HomeNewsTeens react to season of quarantine during age of TikTok

Teens react to season of quarantine during age of TikTok

By MIA KOTELEC

With the shelter in place giving rise to widespread reliance on technology, social media has become even more inescapable for a generation already stereotyped for its excessive social media usage. 

From Jan. 21 to March 24, average daily traffic on the popular streaming site Twitch.tv rose approximately 20%, while traffic on the app TikTok rose 15%, according to a New York Times analysis of internet usage in the U.S. measured by online data providers SimilarWeb and Apptopia. 

Ryan Jalili, an eighth grader at Carmel Middle School, admits he now spends most of his day perusing different apps on his phone.

“Since the quarantine, I have been using my phone practically the entire day,” Jalili says. “Just yesterday I used my phone for 12 hours.” 

Unable to physically attend school campuses, the primary social outlet for most face-to-face interactions, most teens are resorting to networking platforms such as Instagram, Snapchat and TikTok to continue social communication despite physical barriers. 

Teens are turning to TikTok for a daily dose of silliness, inspiration or both.

Senior Satchel Sherman has recognized his usage increase during quarantine and reports spending up to six hours a day on social media. 

“Compared to before, I am now on social media for countless hours of the day,” Sherman says. “But without it, I would probably be considered insane.”

With a much less hectic schedule, CHS senior and self-proclaimed TikTok aficionado Laura Mastrocola has devoted most of her time to creating humorous videos and picking up the latest dance trends on the app.

“I now spend most of the time I used to spend at school on social media,” says Mastrocola, adding that social media has enabled her to communicate with a larger audience. “My follower count has definitely gone up on mostly everything, and I’ve been trying to talk to more people than before.”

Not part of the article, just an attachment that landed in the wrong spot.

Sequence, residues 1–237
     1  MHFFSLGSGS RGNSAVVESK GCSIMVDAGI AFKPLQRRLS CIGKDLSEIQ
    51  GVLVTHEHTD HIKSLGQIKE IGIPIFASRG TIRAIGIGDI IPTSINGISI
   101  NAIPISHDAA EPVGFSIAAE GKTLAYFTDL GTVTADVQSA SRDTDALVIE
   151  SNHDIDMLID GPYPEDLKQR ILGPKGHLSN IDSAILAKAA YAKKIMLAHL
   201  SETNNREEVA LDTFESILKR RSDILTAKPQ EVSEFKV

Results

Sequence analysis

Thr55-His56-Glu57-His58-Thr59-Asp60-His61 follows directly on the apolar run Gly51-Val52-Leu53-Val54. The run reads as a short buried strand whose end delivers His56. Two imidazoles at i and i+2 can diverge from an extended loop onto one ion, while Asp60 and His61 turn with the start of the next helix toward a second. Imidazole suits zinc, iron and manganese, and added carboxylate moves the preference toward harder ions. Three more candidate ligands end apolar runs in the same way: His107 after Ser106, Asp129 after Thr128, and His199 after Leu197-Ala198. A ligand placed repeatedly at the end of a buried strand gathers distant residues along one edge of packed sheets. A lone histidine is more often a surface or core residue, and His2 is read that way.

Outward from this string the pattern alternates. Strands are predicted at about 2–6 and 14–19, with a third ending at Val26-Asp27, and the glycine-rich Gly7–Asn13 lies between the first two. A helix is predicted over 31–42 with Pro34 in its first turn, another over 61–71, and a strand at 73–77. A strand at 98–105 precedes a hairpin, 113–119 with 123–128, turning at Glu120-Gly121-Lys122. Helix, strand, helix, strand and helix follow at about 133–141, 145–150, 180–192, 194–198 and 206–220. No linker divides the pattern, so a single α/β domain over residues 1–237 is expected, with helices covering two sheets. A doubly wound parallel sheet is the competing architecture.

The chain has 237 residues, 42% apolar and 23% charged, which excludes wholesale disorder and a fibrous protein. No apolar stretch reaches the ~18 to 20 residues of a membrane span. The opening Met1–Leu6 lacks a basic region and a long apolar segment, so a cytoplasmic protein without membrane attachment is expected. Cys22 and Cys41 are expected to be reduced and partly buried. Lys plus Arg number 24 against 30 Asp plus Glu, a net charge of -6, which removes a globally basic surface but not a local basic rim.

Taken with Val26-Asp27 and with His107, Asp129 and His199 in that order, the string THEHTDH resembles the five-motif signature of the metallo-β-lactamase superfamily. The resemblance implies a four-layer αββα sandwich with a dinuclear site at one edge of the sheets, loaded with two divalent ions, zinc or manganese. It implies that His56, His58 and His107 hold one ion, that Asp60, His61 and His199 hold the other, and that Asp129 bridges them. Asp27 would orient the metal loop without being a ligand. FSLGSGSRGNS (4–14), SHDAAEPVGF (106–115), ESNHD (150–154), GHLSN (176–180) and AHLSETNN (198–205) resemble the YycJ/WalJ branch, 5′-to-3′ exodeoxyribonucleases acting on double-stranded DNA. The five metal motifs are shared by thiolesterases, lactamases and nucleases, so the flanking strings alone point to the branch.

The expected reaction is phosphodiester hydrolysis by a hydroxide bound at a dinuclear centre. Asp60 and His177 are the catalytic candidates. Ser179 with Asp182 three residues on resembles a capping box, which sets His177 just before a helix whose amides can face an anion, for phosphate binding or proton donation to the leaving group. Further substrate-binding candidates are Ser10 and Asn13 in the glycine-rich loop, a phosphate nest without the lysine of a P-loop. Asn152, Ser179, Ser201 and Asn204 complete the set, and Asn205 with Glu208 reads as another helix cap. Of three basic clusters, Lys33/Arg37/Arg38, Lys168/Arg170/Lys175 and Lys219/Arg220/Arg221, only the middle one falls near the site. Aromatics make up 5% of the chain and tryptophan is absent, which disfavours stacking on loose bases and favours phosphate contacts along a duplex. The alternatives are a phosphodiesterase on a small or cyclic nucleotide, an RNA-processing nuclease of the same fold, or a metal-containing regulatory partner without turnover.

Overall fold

While some seek success and fame through the app, most TikTokers use it purely for the sake of corresponding with friends. 

“Whenever I make videos, I usually only get around 30 likes,” Jalili says. “But I’m not really trying to become famous. I just make funny videos for my friends.”

Though school closures and social distancing protocols have made personal interactions and small gestures harder to come by physically, some have utilized social media as a tool to reach out to those who they have not been close with in the past. Snapchatting someone new or dropping a friendly comment on a peer’s post has become the new way of showing someone you care– similar to a wave in the hallway between classes. 

For many seniors parting ways in June, the sudden loss of the end of the school year meant a lack of chances to create and develop final relationships before graduation, but with the aid of networking sites, classmates are only a click away, making it easier to engage and formulate new bonds. 

Senior Sebastian Hendricks, an avid social media user, TikTok enthusiast and ASB president, has used the quarantine as a chance to interact with his fellow classmates.

“Snapchat is fuel to maintain relationships, Instagram is good for leaving nice messages,” Hendricks says. “I’ve been reaching out to as many people from my class as possible just to say goodbye and appreciate them for something.”

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